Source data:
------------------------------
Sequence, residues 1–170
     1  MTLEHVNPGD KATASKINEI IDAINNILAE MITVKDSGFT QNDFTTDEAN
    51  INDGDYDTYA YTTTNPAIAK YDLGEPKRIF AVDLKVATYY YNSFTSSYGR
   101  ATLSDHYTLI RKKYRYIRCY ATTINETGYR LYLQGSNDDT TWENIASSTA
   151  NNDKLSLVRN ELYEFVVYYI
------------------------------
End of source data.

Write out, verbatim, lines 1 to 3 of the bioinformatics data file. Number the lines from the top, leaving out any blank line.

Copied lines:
Sequence, residues 1–170
     1  MTLEHVNPGD KATASKINEI IDAINNILAE MITVKDSGFT QNDFTTDEAN
    51  INDGDYDTYA YTTTNPAIAK YDLGEPKRIF AVDLKVATYY YNSFTSSYGR